Atia's Final Spinal Tap

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IMG_4454.JPGAt three years old, Atia has spent more of her life in and out of hospitals fighting for survival than not. She's mastered the names of complicated toxic drugs like, Methotrexate and Mercaptopurine, and often incorporates medical procedures into her make-believe play time. 

"I'm going to count to three and then poke you. I'll try to be gentle so it doesn't hurt" she tells Max, her purple teddy bear with white polka dots. "Good job!" she says. "And once the yellow stuff goes in, you're all done. You're such a brave bear. Do you want a princess or SpongeBob Band-Aid?" 

She doesn't remember back to the days before she was diagnosed. Taking chemo and having a port is the only life she's known. Every night before bed she says, "Mommy, don't forget to give me my medicine." I've learned that if I give it to her while she's asleep she doesn't even realize she's taking it. Several times she's accused me of falling down on the job. "Mommy, you didn't give me my medicine last night" she says, demanding an explanation. With a smirk I patiently reply, "Yes, I did. You took it while you were asleep." 

Fighting Leukemia has been part of Atia's daily life, our family's daily life for over two years.

IMG_5111.jpgAtia was a one year old when this all started - younger that Asher is now - and today she's almost four. A baby then, a big girl now. 

When she was first diagnosed, trying to picture how we'd ever make it through, trying to imagine what she'd be like when she was nearly four years old seemed like an impossibility. As the mother of a one year old, can you imagine your child as a four year old? What are they like? What will you be like?

 We grieved knowing that her entire 2nd year and most of her 3rd year of life would be a constant battle, different than her peers'. Atia being nearly four years old seemed so far in the future. And then, just like that, its happened. 

Yesterday was Atia's final spinal tap. She was sedated and received chemo injections into her spine and port. 

Going to the hospital she was a bit grumpy, but who wouldn't be? She was nervous and starving. Once we got there, she let down her guard and fell into routine. She knew what to expect. At certain points, she even burst into fits of laughter (captured in the video below). Her only complaint was the nagging ache in her ankle. 

It's difficult to describe exactly how we felt. 

While this journey has been incredibly long, yesterday it didn't feel that way. Everyone started throwing around phrases like, "not that long" or "seemed to go by quickly." That was the consensus amongst the group - Dr. Rubin, the nurses, other medical staff. And while Steve and I agreed with them, at the same time, it did feel long - How is it possible to feel two exact opposite things in tandem?

Same thing happened with our feelings towards the spinal tap. We felt confident that it would go off without a hitch and yet we were nervous that something would go wrong.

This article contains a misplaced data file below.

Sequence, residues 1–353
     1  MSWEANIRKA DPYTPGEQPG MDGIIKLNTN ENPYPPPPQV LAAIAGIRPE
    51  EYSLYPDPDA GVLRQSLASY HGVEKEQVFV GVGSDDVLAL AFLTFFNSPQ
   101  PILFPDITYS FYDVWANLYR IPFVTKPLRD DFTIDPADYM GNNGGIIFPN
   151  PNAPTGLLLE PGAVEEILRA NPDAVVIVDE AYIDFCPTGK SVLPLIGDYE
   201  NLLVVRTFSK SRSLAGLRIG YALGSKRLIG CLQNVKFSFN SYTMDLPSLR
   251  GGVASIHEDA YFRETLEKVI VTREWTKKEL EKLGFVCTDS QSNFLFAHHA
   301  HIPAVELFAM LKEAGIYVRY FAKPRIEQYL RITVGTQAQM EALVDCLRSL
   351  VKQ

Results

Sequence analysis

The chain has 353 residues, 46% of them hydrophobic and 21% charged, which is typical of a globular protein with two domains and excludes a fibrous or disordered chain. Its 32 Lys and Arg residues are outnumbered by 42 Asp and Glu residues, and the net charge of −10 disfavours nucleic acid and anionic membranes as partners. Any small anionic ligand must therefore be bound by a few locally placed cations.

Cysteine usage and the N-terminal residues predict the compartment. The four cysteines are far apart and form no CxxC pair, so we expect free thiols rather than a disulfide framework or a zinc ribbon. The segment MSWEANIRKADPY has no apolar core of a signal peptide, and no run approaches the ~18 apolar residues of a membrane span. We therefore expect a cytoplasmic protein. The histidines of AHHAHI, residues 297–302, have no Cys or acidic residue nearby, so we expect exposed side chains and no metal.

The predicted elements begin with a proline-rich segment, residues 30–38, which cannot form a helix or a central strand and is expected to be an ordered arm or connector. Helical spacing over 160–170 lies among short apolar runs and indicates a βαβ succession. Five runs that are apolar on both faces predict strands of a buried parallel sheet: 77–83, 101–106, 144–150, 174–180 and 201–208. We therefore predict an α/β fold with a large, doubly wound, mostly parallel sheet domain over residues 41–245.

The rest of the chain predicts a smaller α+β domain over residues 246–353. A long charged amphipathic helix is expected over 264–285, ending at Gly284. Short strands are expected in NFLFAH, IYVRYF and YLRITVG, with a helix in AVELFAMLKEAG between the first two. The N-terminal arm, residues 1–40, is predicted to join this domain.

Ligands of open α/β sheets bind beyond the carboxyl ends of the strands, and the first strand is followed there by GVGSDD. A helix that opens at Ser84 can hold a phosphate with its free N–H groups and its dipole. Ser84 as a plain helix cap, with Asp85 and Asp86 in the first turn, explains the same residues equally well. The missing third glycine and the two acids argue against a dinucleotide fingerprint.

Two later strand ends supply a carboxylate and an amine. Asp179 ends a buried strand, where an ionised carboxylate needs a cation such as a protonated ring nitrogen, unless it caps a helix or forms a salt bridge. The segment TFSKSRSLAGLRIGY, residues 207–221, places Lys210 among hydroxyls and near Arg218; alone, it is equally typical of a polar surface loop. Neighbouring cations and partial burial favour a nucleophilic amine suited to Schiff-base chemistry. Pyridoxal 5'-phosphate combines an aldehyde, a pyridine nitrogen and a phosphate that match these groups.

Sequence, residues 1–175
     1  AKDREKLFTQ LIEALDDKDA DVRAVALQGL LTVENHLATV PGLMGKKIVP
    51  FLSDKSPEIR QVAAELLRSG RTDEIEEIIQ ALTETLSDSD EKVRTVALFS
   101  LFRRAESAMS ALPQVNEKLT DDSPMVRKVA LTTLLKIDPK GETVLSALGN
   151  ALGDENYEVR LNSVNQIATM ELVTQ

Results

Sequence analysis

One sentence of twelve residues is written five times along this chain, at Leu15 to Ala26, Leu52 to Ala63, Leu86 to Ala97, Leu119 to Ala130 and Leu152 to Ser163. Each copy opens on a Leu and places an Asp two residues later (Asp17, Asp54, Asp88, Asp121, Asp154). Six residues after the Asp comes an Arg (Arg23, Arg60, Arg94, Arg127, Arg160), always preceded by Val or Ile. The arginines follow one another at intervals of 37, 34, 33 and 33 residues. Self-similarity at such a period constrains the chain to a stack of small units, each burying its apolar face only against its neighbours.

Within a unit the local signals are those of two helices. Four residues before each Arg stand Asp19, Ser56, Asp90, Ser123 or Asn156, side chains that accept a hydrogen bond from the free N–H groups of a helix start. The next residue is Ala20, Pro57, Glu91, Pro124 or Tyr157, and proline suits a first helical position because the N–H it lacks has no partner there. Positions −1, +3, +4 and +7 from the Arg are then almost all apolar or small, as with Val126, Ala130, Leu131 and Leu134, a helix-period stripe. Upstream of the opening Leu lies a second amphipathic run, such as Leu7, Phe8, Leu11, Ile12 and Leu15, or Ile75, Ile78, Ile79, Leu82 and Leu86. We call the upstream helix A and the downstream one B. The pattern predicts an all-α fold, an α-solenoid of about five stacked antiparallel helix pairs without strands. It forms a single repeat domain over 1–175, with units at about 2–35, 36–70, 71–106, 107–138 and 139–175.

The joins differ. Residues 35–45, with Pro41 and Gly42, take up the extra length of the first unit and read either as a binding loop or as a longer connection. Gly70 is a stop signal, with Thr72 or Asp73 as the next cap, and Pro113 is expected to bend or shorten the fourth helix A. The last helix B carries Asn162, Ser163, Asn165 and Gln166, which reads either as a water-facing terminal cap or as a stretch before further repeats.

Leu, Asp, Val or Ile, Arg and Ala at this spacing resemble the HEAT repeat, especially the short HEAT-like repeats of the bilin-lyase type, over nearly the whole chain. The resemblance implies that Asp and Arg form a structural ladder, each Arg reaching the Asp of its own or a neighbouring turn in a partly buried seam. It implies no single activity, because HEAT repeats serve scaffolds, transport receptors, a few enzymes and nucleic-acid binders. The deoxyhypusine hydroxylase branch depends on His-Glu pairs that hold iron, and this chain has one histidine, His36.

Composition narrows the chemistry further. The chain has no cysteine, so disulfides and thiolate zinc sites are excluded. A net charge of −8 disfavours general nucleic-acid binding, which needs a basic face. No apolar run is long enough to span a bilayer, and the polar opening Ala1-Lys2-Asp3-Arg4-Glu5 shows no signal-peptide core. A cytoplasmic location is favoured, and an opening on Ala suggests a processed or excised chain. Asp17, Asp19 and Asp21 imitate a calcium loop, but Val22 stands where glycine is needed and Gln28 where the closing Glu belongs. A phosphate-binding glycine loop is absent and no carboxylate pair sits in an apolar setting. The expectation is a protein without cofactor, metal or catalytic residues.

The one thing that really got me - I panicked - was when the sedation team told us they'd be using a different drug to put Atia to sleep (there was a minor complication last time with the one she'd been receiving all along). Of course, I understood exactly why, but my body still trembled with fear. I couldn't control my physical reaction. I was scared. The new meds allowed her to briefly wake up long enough after the procedure to take a few sips, but then caused her to pass out again for nearly five hours. It all worked out in the end. 

GREAT NEWS! Just before we left, we were told that in double checking their calculations, they identified that Atia's treatment end date is actually July 6th (not the 10th as we originally thought). Last night began her five day steroid and chemo treatment, which will end on Saturday. Then, she'll take her nightly chemo pill until next Wednesday, at which point she's done!

I took more pictures and filmed more footage during this appointment than ever before. It felt important critical to capture the moment, every moment, for all time. Here's a video of what the day was like - be sure to watch through to the end to see a special message from Atia.

Tonight, Atia's going to be mentioned on renowned radio personality, Delilah's syndicated show, which airs from 7:00pm to midnight. Atia has been selected as her "Brave Child of the Week" from Chicago in her "Together for Kids" campaign. Check out her website for local radio station information.


And finally, if you have a moment, please click below and vote for me. I've been nominated as a General Motors' "Our Town. Our Heroes" finalist. I could really use your vote. CLICK HERE

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  • Wow! What a moving video! I watched it with the girls, and of course, they had a ton of questions! They know about Atia's condition, and of course, remember her from Davis's b-day party last year. They were sad, as I, to see Atia crying. However, we all loved the happy ending and Atia's message! How cool! Way to go, Atia! You are a strong little girl. And now, you are done with treatment! Woo hoo!

  • yay Atia! You are a brave girl! We are sad to miss your celebration, but we will celebrate with you no matter what!

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